Rick Cox is a California-based clarinetist and guitarist.
He cut his teeth in the late 1970s within the scene of the jazz-improvisors,
specializing in lengthy clarinet solos. Switching to the guitar, Cox
became one of the early practitioners of ambient music, as documented by the EP
These Things Stop Breathing (1983) for prepared electric guitar and clarinet.
His career was not prolific at all. After
When April May (Raptoria Caam, 1990) for clarinet and string quartet,
he mostly worked for film soundtracks.
Unreleased compositions of the 1990s were collected on Maria Falling Away (Cold Blue Music).
The EP Fade (Cold Blue Music, 2005) contains only one 25-minute track, performed by Cox on electric guitar,
Thomas Newman on piano and Peter Freeman on bass.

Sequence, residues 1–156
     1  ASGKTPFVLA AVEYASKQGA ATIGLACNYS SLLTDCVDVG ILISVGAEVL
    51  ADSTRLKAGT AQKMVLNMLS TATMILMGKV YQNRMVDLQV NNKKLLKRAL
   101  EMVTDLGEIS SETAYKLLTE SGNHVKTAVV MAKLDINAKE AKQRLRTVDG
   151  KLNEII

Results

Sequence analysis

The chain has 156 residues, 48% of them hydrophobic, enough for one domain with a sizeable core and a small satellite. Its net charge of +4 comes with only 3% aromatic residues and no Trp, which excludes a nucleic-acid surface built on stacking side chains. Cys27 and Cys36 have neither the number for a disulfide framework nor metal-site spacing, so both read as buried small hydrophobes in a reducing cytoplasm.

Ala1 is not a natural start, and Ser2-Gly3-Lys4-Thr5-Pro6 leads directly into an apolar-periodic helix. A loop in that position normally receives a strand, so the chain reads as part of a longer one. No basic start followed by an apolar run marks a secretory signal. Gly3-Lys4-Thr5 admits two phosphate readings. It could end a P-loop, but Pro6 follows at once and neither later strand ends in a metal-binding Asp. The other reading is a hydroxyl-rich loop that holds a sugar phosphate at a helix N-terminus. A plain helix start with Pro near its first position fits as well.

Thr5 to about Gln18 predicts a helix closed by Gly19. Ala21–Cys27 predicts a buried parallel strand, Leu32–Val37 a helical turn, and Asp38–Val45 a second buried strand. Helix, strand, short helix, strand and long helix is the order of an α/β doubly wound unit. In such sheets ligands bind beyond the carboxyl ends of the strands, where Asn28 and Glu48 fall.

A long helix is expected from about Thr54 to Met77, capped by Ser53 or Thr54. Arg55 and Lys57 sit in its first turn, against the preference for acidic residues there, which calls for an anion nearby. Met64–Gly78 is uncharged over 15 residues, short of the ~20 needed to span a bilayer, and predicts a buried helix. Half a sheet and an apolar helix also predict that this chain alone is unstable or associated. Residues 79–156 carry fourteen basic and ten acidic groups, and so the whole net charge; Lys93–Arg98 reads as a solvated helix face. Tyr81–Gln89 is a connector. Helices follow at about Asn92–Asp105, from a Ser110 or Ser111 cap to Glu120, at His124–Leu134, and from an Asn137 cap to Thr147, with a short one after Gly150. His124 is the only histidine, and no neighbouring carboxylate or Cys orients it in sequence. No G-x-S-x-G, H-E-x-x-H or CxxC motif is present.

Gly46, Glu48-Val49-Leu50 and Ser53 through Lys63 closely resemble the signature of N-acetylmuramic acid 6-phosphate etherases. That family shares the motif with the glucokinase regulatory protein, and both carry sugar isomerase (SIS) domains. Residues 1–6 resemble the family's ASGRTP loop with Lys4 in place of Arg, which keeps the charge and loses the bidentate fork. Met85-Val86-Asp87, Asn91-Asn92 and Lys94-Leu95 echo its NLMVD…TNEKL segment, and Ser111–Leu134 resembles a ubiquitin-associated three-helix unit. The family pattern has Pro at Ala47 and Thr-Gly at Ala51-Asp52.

The trio uses the ever more popular strategy of creating ambient music via
tone exploration. The instruments improvise around each other's sustained
dreamy tones, patiently weaving a labyrinthine celestial atmosphere.
Shadows of melodies appear and disappear. Rhythm is non-existent.
Subsonic events are as important as louder ones. Improvisation prevails over
composition. This is austere zen-like meditation whose only constraints are
some natural laws of note gravitation.
The guitar and the bass are more
serious about drawing nebulae of sounds together, while the piano emits
tinkling passages of notes that hint at a looser world of music.
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